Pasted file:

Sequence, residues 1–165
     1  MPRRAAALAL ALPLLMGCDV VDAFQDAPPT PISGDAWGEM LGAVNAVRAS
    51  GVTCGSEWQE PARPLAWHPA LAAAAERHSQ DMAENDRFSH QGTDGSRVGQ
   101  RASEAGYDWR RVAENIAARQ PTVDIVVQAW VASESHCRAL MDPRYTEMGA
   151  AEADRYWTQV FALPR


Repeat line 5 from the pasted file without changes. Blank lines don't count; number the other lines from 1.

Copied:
   151  AEADRYWTQV FALPR